The season that never was - at least Autumn is here.
  |  First Published: May 2008

After just enduring the Summer that never was, at least Autumn has been producing a few fish.

With a new boat, a heap of tackle and lures, we were looking forward to a productive marlin season this year but it just never happened. We were plagued with bad weather on many weekends and even when the weather allowed us to get out there, things were patchy on the best days and pathetic on the worst days.

I can't remember such a poor marlin season. The Banks never even started to produce black marlin and there were only a handful of fish taken in February and March.

Out wider there was a week or two of sporadic action in March with some striped marlin but it was over as quickly as it had started when the bait moved on.

It was quite disappointing with most boats missing out all together and only a few tagging the odd fish. From what I've heard and read the entire NSW coast suffered the same way with very few inshore blacks and only a handful of striped marlin out wide on most of the recognised grounds.

Let's hope next season brings a few more fish or there might be a few boats up for sale by this time next year – especially if fuel prices rise the way they have been predicted over the next few years.


There seem to be more anglers down this way enjoying their fishing with no fuel costs by paddling kayaks. I work with a few guys who fish out of kayaks and they make some very respectable catches in Jervis Bay, St Georges Basin and in the rivers and dams.

We spend a fair bit of time in Jervis Bay and it's not unusual to see anglers fishing for squid, snapper and pelagics from kayaks spread all over the Bay in what seems a bit of a kayak revolution.

All fishing vessels come with compromises and kayaks are no different. Yes, you have limited room when fishing from a kayak and you are very dependent on weather conditions when fishing in open bays and dams.

You can't stand up when you feel like it to stretch the legs and even fighting and landing a fish is a lot more difficult than if you were in a tinny.

However, the advantages include no fuel costs, being able to go fishing where and when you please without having to organise a crew, being able to launch just about anywhere and getting exercise into the bargain.

I've done a limited kayak fishing over the years but the prospect of being able to fish Jervis Bay and St Georges Basin as well as ducking outside on a good day for a snapper is of interest. It would be sure to open up a few options when the game fish aren't playing.

But let's get serious and look at what's around now, instead of lamenting what never was.

Now's the time to be out looking for a few yellowfin tuna out wide. This time last year there were a few good fish about when the conditions were right.

The water should have cooled down to 19° or 20° by now and there should be some bait around in the form of sauries. We were seeing schools of sauries jumping in mid-March so with an abundance of bait and the right water we may just enjoy a half-decent yellowfin season this year.

While we're out there we night also be inclined to get a berley trail going and have a go at a mako.


Now's also a good time to be out on the rocks and having a go for the bread-and-butter species. The mornings are getting cooler but the bream, blackfish, snapper, tailor, salmon and drummer will all be on the chew.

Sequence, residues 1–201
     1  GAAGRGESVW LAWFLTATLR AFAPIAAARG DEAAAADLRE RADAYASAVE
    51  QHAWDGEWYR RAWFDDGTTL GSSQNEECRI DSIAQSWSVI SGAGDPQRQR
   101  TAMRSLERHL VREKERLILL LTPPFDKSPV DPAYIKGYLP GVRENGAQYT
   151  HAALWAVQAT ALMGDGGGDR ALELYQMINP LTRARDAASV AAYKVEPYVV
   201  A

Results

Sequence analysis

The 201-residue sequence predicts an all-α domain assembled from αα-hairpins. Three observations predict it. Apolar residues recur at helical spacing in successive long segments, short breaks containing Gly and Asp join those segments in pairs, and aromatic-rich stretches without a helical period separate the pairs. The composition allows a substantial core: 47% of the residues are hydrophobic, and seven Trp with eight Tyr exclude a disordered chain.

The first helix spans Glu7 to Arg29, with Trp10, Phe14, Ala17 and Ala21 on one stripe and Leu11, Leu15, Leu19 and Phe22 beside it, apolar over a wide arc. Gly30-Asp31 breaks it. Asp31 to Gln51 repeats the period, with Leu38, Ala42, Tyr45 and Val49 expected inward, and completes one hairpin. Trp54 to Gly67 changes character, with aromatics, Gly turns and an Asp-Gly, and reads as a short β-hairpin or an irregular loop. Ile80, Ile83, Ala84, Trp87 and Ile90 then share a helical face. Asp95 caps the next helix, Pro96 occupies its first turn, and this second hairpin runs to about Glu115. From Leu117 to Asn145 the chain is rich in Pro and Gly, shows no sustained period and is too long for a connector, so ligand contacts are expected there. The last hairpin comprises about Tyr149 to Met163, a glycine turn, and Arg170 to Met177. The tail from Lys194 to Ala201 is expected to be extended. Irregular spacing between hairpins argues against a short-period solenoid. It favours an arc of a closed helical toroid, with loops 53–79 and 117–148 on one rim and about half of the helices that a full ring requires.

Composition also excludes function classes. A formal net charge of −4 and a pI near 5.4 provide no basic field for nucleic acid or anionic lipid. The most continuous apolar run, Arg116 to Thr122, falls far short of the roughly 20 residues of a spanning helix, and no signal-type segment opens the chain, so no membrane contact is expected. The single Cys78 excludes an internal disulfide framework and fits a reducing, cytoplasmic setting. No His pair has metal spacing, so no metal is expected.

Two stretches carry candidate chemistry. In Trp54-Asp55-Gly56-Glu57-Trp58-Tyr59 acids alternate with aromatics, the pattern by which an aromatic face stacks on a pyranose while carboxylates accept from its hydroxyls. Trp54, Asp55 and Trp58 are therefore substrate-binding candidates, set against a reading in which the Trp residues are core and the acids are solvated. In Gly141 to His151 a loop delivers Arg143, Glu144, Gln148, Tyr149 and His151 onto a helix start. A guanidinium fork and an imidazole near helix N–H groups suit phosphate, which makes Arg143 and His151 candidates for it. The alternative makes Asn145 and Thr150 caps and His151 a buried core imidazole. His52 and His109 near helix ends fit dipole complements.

Just about any of the Currarong platforms will be fishing well but if you're serious, head south and have a go. I have several mates who've been fishing down south of Jervis Bay in recent months and getting some very solid catches of blackfish and drummer.

Most of the platforms south of Jervis Bay would be worth fishing so just get out and have a look around.

Now's also the time to be out looking for a solid king from the rocks. If LBG is your thing then it'll be worth having a live bait around Currarong, inside Jervis Bay or even down south for a kingfish.

If you want even more land-based fishing, have look at the local beaches. Early mornings and late arvos should produce a few salmon and tailor on pilchards or lures or the odd big bream.

A stray jewie will also be hanging around so don't hesitate to fish a bigger strip bait of tailor fillet or even squid after dark. By now those pesky bronze whalers of Summer will have dispersed as the cold water moves in.

Fish a run-up tide after dark with fresh bait and concentrate your efforts in a deep gutter for the best results.

Catching a decent jewie from the beach is a waiting game but put the hours in and you'll get one sooner or later. The feeling of hooking a 20kg jew in a beach gutter and finally washing it up on a wave in the moonlight is one of fishing's great triumphs and makes all those hours of waiting in the cold worth it.

If estuary fishing's your thing, then get down to St Georges Basin and throw some soft plastics or poppers at the bream.

You might still find a few flathead but the Basin is firing with some thumper bream at the moment. Fish of a kilo and better are quite common and there are also some nice snapper and big tailor on offer.

Just about every serious angler with a tinny down this way is having an absolute ball fishing the Basin. It really has been one of the success stories of legislating to make an estuary recreational only.

If all the above isn't enough to get you out wetting a line, there are also some great reds on offer at the moment. Just about anywhere in close is fishing well for reds with floaters and soft plastics producing fish.

The run up to the full moon is the best time so get out there from May 10 to 19 and you shouldn't be disappointed.

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